Minxeats on the "Culinary" Games: "Paul, Sarah, and Bev must then compete in what might be the stupidest and most dangerous event in Top Chef history. All of their raw ingredients are frozen into giant blocks of ice which they must remove with the aid of ice picks. Tom provides the soundbite,"flash-frozen food is the next best thing to fresh," and I'm surprised that he doesn't add a plug for Healthy Choice or Schwann's or maybe his own brand of pre-packaged comestibles. (I'm thinking that a kid-friendly dish of hoop-shaped pasta--ColicchiOs--with either mini meatballs or chunks of hot dog, could be a big hit.) The chefs have one hour to retrieve their food and cook, outdoors, in the cold. Presumably medics are standing nearby with such necessities as frostbite medication and bourbon."
Max the Girl on bad dreams: "They meet Padma at the top of another mountain. 'Oh my God, she has a gun,' Sarah says when she sees Padma. (I had a nightmare like this once—except it was both Heidi Klum and Padma with guns and for some reason I was dressed in bearskins)."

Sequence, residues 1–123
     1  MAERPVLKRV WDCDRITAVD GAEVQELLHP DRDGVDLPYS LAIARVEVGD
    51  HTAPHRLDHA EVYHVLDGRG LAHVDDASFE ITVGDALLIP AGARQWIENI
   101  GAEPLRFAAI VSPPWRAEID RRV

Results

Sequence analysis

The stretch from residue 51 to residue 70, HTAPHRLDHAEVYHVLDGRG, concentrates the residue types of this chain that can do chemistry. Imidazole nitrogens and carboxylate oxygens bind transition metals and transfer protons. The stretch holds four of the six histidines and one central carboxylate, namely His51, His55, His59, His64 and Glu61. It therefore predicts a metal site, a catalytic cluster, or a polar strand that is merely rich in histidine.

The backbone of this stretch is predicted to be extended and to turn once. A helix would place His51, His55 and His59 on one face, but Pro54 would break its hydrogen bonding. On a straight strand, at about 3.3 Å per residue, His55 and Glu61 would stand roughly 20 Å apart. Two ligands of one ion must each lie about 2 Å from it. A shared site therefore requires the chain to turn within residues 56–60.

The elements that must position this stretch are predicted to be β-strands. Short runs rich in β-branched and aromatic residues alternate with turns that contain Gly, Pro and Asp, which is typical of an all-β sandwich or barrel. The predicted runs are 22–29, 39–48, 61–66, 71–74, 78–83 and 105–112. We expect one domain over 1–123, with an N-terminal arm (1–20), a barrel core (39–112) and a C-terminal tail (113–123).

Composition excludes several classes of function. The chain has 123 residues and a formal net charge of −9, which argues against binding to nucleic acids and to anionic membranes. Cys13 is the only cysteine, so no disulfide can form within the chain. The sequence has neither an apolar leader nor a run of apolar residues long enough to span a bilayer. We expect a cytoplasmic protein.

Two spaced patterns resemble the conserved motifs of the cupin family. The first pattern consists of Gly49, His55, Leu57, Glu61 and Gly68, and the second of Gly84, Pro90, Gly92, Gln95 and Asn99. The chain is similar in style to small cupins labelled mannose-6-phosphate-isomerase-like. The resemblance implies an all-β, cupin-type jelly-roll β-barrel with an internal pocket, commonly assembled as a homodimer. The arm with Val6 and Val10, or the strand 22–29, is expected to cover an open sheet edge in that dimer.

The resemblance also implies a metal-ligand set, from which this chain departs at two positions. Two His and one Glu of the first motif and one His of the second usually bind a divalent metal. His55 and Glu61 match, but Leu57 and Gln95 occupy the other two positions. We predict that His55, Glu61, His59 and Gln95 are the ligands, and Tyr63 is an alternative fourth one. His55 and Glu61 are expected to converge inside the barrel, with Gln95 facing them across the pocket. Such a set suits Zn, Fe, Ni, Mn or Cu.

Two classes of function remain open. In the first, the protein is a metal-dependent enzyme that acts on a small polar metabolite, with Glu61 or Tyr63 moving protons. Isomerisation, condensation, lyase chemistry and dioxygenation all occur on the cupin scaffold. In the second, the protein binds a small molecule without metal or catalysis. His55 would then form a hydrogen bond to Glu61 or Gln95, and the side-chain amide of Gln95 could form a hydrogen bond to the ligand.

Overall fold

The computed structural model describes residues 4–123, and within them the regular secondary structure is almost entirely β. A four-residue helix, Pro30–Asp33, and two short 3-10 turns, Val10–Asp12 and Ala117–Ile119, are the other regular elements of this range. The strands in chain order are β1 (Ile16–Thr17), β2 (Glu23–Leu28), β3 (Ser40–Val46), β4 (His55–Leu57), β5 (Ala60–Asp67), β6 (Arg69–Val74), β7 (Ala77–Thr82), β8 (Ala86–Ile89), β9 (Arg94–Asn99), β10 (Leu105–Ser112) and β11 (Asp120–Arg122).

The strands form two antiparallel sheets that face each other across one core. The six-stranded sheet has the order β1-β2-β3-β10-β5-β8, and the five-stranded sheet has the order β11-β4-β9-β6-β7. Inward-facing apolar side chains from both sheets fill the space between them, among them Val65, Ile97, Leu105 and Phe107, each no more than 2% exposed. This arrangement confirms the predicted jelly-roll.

Eater on cooking in gondolas: "All four chefs are nauseous: Paul because of motion sickness, Beverly because of her fear of heights, and Sarah and Lindsay because of their new haircuts. Do these gondola lifts normally have mini-kitchens in them? Is that very popular in Whistler, British Columbia? I will be honest: I have never skied, so maybe people love deglazing chorizo with prune juice on their way back up the slopes. 'What's the salmon belly situation in our gondola lift?' That is a question skiers frequently ask before booking their lift tickets."